Le Colonial is that rarity: a transportational restaurant. It takes us not only to a favored place for food, wine and cocktails but also to a land that’s distant in miles and especially in time. Having spent a couple of hours soaking up the semi-imaginary life of a French colonial in the Vietnam of, say, 1920, we can’t be blamed if we want to be that guy.
Word is, the restaurant’s owners (who launched the first Le Colonial in New York City in 1995 and opened this one in the River Oaks District this past August) ordered architect Mark Knauer and team to watch the film Indochine before putting pen to paper. That story, to whatever degree it’s true, explains the place’s profoundly cinematic quality.
What is within that scope is that the owners turned to the Vietnamese-born but oh-so-French-named chef Nicole Routhier, who consulted on the first Le Colonial, to help create (and update) the menu here, in the city in which she’d chosen to live ever since. After all, the place, the concept and particularly the menu has always had a special hold on Routhier’s heart.
“They knew I was here, so that played into their decision to open in Houston,” offers Routhier. She’s sitting at a small corner table beneath a lamp that’s spinning golden light over the dark wood and brass railings of a French brasserie transplanted to the tropics—like Vietnam. “They knew this city is my home, and I wasn’t going to open a restaurant anywhere else.”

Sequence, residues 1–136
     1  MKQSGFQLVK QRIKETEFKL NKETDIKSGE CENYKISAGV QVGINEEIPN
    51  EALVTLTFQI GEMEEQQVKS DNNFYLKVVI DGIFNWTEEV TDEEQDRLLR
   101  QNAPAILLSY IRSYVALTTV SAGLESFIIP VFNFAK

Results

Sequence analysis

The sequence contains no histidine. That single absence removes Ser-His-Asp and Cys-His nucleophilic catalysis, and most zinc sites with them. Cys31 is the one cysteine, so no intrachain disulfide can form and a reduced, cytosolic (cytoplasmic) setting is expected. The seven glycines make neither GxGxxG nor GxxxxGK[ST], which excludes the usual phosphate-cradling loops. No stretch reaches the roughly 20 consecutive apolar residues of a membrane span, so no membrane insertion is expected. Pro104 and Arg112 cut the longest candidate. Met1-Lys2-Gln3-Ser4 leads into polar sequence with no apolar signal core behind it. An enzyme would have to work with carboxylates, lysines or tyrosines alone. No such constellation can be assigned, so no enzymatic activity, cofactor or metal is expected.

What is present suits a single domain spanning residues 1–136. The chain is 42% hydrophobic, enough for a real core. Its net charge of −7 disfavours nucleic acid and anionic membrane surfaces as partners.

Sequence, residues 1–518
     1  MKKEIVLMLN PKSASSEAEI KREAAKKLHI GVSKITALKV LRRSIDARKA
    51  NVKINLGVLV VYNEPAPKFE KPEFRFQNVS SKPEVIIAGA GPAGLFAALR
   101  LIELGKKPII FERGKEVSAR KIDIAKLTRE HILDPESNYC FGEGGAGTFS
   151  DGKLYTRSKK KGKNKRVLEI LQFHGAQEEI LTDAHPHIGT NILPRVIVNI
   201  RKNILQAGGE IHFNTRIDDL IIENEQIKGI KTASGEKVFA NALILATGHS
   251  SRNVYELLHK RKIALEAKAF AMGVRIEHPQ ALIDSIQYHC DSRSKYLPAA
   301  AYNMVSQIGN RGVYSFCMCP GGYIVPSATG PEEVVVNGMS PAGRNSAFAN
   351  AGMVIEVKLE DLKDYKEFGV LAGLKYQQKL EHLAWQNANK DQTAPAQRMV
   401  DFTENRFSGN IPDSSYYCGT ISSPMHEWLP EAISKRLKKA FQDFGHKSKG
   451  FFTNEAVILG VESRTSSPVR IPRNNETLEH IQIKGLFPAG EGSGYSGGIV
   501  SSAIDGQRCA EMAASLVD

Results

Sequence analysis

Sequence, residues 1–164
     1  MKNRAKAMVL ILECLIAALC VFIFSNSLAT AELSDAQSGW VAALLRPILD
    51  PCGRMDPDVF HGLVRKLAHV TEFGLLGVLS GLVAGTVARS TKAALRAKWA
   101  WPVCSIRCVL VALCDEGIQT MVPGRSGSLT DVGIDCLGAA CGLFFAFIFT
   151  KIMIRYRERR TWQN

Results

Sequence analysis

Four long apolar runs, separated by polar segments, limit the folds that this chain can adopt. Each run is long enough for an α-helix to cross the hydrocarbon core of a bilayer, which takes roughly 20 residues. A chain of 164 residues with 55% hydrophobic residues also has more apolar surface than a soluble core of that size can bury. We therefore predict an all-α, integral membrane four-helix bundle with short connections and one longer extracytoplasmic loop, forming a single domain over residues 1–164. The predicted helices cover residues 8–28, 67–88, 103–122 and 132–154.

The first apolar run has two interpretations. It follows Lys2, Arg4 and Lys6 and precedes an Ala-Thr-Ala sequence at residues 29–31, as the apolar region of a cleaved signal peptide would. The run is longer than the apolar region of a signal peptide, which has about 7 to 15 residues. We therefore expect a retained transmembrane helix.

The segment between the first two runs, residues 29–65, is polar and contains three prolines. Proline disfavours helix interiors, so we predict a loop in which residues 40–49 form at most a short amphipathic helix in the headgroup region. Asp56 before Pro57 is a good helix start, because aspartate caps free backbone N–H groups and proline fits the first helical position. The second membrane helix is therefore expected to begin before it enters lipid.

A devoted researcher and cookbook author, Routhier knew well her adopted city’s large Vietnamese population and passion for Vietnamese cuisine. But she also knew it was often confined less to French style and more to the “casual” tastes typically associated with the nourishing beef soup known as pho and the multiethnic sandwich called banh mi. Thus, the menu she’d created from her Vietnamese and French heritage in 1995, later carried to Le Colonials in Chicago and San Francisco, seemed the perfect place to start.
Within a few weeks of opening, the intimate 95-seat dining room, arrayed around the drooping fronds of a banana plant, became a place for denizens of River Oaks and Tanglewood to see and be seen. Perhaps even more so, the clubby lounge upstairs became a favored late-night hangout for Dom Pérignon and Veuve Clicquot. The second-story balcony doubles as a colonial overlord’s veranda, including one corner table for six that quickly became the ultimate place to sit. Unlike any and all other verandas in the real colonial tropics, this one in Houston, Texas, has air conditioning.